The constitutional framework of power distribution within the Eurasian integration process: bellum omnium contra omnes

After the fall of the Soviet Union, many post-Soviet countries pursued integration among themselves, leading to various regional arrangements. Those had little success for an array of reasons stemming from considerable differences among the many integrating states. Eventually, an understanding came along, that in order to make things work, a change in approach is needed. Among others, such a change would require an efficient legal framework and stronger regional institutions capable of upholding it. These features were played with on the way to the creation of the Eurasian Economic Union (EAEU), which was obviously inspired by certain narratives about the EU integration process, and eventually launched in 2015.

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Chronos and Kairos of Constitutionalism – The Polish case

Τοῖς πᾶσι χρόνος καὶ καιρὸς τῷ παντὶ πράγματι ὑπὸ τὸν οὐρανόν. This Septuagint translation of a verse from the book of Ecclesiastes points to a fundamental distinction regarding the transience – the distinction between chronos (time) and kairos (a right moment). Time is everlasting and consists of singular kairoi. Kairos, being its constitutive part, should not defy the structure of time. This distinction bares on the way in which we should understand any change of a constitution that claims to belong to free and equal citizens.

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In the shadow of sovereign debt conditionality: the rise of spending conditionality in the EU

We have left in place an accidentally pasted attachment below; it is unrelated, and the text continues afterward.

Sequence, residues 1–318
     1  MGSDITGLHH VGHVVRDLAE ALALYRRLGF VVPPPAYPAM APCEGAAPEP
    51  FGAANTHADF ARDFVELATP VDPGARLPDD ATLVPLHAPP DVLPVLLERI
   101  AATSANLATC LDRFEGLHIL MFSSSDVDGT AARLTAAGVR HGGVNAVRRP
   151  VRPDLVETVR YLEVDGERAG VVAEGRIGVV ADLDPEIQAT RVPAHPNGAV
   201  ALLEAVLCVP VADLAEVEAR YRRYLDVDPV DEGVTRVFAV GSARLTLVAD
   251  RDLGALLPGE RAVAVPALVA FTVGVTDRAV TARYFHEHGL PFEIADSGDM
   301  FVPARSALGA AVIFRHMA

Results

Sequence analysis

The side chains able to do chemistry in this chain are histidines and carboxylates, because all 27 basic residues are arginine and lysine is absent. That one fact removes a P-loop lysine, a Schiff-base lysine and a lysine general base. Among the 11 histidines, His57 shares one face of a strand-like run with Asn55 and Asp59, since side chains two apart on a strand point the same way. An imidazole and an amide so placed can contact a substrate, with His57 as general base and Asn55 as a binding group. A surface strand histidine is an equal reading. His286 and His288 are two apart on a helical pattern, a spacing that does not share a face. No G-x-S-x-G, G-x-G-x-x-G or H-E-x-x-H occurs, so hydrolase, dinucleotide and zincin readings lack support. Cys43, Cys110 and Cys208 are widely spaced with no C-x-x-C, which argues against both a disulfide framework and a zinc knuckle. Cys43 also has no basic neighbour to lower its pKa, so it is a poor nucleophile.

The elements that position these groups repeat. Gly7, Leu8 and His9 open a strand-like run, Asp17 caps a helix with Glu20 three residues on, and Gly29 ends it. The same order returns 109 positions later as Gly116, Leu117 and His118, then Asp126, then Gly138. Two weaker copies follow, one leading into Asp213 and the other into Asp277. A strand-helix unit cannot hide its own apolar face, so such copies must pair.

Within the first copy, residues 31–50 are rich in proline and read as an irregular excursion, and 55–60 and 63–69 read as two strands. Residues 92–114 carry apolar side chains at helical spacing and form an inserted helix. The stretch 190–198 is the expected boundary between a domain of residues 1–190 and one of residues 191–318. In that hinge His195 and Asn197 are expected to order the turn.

For the last seven years, sovereign debt conditionality dominated the European public discourse. Courts called to adjudicate heavy conditions impeaching on constitutional core of EU nations. National parliaments vocally debating the democratic legitimacy of austerity measures. Executives busy implementing generous reform packages. Scholars actively commenting on the constitutional implications of crisis-driven conditionalities.

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Conditionality through the lens of the CJEU: a “blurry” view

From the very beginning of the Eurozone crisis, conditionality progressively entered into the vocabulary and the normative sphere of the EU economic governance. At the time of the first assistance package to Greece, conditionality was just an emergency tool set in the bilateral Loan Agreements, signed by Greece and other Members States. However, after the establishment of emergency funds like the European Financial Stabilisation Mechanism (EFSM) and the European Financial Stability Facility (EFSF), and especially after the creation of a permanent institution, a sort of “European mirror image of the IMF” – the ESM – conditionality has become a sort of leitmotiv of the European response to the economic crisis or, even, a necessary requirement according to the ECJ.

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